With that option, I could wait and wait for ebay to get the door frame/glass/tablet and maybe even the splat.

    Problem with that is when I get that kind of parts clock for parts, I feel sorry for it and it becomes a seperate project. Better for me to find suitable door and make my own splat.

    Then there is making my own door. You know, I can make myself do things when I really really wanna do it. But, I gotta tell ya, I do get lost in different directions/projects/asperations/inclination/dedications...

    What I would hate, is if I put all that work into it, and it winds up looking as bad as a whitey white paper dial does when people replace old dials with them. (know what I mean Vern..!)

    If both clocks are as identicle as I think, I may do some re-arranging. Not sure. I would hate to mess up a good clock's originality. (just a thought ok)

    Can't wait for these to arrive...! Also, I think I need to build another wall in my house, to create another room. That'll add two more wall spaces :D

    RJ
     
  10. Sooth

    Sooth Registered User
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    Feb 19, 2005
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    Damn. I wanted that second one and I had forgot to place my bid on it. I'm glad it went to another collector though.

    :)
     
  11. RJSoftware

    RJSoftware Registered User

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    Hey Sooth; Ya snooze, ya lose. :D

    I think these splat and columns are the bomb. You get a bit of everything.

    Genuine age and rare. (limitted years of production, lot's of pantina evidence).

    A workable (mostly easy) to fix clock. Simple and wood.

    Good presence. The clocks stand out, yet not gawdy. Simplistic in design.

    Lot's of artistic leadway. Big tablet space to play with if original not present.

    RJ
     
  12. I am very pleased with my Hotchkiss Pillar and Splat.

    http://www.nawcc-mb.com/pictures//file-Hotchkiss - Shelf - Column and Splat.JPG
     
  13. R. Croswell

    R. Croswell Registered User

    Apr 4, 2006
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    R J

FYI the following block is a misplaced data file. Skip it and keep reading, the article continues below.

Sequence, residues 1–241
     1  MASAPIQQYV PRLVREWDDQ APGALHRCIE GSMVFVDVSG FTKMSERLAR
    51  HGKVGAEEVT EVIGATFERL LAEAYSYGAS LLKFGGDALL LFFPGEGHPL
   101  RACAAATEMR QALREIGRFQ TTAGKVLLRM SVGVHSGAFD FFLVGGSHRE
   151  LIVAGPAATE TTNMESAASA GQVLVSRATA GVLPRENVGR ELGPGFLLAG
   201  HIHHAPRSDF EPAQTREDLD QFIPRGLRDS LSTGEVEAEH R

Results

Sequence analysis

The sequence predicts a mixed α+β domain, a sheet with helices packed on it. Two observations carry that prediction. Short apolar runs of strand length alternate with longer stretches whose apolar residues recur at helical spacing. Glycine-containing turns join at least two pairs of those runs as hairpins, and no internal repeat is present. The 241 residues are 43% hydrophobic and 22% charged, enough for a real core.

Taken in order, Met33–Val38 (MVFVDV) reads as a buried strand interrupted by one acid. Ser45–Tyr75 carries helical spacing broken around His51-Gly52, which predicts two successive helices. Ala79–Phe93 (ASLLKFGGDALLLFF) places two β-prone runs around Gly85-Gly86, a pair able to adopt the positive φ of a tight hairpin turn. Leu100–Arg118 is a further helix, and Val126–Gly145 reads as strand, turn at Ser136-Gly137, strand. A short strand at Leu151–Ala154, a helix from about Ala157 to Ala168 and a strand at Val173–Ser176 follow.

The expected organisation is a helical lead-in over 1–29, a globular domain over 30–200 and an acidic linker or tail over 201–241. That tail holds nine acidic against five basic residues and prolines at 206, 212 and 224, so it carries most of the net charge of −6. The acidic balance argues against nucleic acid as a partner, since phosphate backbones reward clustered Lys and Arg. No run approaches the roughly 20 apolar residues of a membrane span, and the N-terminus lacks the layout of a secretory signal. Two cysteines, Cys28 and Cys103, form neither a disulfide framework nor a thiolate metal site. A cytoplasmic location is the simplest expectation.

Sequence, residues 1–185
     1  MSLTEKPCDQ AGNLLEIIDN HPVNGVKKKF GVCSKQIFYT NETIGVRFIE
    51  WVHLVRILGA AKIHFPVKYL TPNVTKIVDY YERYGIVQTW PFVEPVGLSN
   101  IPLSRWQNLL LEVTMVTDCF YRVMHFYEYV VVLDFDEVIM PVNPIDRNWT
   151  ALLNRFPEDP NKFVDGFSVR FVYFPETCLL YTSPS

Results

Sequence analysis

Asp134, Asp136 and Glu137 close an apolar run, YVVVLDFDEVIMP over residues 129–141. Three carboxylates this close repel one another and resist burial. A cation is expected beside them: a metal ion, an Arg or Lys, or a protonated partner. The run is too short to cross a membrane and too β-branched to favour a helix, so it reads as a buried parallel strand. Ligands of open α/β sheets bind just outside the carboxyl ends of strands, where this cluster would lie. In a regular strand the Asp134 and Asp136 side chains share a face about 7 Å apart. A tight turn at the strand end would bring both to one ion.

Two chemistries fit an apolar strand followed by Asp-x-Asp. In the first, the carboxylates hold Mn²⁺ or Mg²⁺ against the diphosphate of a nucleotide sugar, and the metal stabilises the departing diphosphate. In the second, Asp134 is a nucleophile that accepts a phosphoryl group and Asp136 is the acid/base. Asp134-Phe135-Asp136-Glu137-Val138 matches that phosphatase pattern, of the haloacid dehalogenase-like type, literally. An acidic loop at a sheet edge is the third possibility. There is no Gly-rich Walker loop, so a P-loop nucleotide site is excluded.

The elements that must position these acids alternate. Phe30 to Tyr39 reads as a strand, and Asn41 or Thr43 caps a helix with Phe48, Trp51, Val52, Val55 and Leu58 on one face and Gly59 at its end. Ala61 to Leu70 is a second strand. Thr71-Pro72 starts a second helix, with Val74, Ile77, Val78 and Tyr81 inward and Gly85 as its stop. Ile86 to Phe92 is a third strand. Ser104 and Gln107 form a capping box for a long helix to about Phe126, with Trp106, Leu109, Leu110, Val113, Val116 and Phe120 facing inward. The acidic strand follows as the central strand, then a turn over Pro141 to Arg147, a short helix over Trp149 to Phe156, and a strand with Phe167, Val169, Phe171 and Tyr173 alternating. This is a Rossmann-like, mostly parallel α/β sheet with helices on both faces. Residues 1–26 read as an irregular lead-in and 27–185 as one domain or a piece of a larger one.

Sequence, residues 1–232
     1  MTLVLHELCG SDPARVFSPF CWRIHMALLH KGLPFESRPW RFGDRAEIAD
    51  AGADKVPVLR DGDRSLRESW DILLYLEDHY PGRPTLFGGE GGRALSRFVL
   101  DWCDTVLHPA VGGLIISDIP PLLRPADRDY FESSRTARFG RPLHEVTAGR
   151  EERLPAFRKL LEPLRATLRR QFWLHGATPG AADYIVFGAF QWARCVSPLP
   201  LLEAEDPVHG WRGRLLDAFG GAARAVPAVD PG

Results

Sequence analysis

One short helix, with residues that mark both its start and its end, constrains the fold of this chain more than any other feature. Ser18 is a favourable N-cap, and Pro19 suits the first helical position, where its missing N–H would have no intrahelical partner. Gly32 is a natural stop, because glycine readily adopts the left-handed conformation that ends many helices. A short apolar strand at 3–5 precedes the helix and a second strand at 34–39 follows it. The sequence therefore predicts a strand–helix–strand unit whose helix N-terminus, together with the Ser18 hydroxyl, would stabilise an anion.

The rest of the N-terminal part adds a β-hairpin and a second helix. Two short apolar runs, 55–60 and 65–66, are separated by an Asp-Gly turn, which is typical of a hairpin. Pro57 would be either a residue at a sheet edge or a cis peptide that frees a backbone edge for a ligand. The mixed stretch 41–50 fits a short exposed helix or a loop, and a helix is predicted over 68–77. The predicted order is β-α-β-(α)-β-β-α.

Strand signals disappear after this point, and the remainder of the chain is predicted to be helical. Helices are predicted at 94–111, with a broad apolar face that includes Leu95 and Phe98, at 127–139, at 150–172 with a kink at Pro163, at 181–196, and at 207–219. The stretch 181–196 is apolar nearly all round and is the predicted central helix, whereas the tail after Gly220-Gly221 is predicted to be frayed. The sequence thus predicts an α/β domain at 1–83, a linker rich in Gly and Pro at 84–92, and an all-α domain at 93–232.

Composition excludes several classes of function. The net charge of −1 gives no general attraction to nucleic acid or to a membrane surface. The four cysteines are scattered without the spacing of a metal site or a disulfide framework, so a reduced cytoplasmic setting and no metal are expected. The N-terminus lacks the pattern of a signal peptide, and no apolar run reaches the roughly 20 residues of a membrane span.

You say you like OG's and wood works - me to! I picked up a Russel Coe on eBay last summer that has both! It's a flat OG with an E. Hotchkiss wood movement. I think this is the only model Coe made, at least it's the one he is known for. Guess he didn't stay in business very long. At $200 it was an ok deal. I just can't seem to snag the bargins some of you guys seem to be able to catch.

    Picture at the link below

    http://www.greenfieldstore.com/clocks/coe.html

    Bob C.
     
  14. Sooth

    Sooth Registered User
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    Feb 19, 2005
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    Bob, I just took a look at your Coe clock, and the label's border is identical to my rare "Charles Wilbur" ogee clock. Mine reads "Dean Printer, No 2 Ann St. New York" (I think).

    The only info I have on my Wilbur clock is that it was likely made around 1846. Since the label matches, I'd say that might be a close date for your clock also, but I can't be entirely sure on that.

    As for getting a good deal, you need lots of time and patience, and you need to be willing to take a risk when it comes to shipping. I just bought a lovely old Samuel Terry wooden works that is missing the top pieces, for 129.00 plus shipping. Sadly, it got damaged in transit, and the original, puttied top glass got smashed. It's all a matter of persistence. I have bid on MANY clocks, but I'm on a small budget, so I keep trying until I eventually get lucky.

    Here's part of the label from the Wilbur clock:

    https://mb.nawcc.org/
     
  15. Jeff C

    Jeff C Registered User
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    Nice clocks RJ :thumb:

    I agree with you, they are the bomb! When I got my first Pillar and Splat a few months ago I fell in love with it. I'm fascinated with the engineering that was crafted with these wood movements. They run quite well IMO.

    Also the knowledge Sooth has shared with us has been priceless. I learned allot from his posts.

    Keep us posted RJ.
     
  16. R. Croswell

    R. Croswell Registered User

    Apr 4, 2006
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    Sooth,

    I think you are probably right. This is pretty late for wood movements so I suspect Coe, and possibly others, may have used up what leftovers they could find and then folded up. Still nice to have something that everyone does not have, even if it is a bit plain.....even homely looking.

    Bob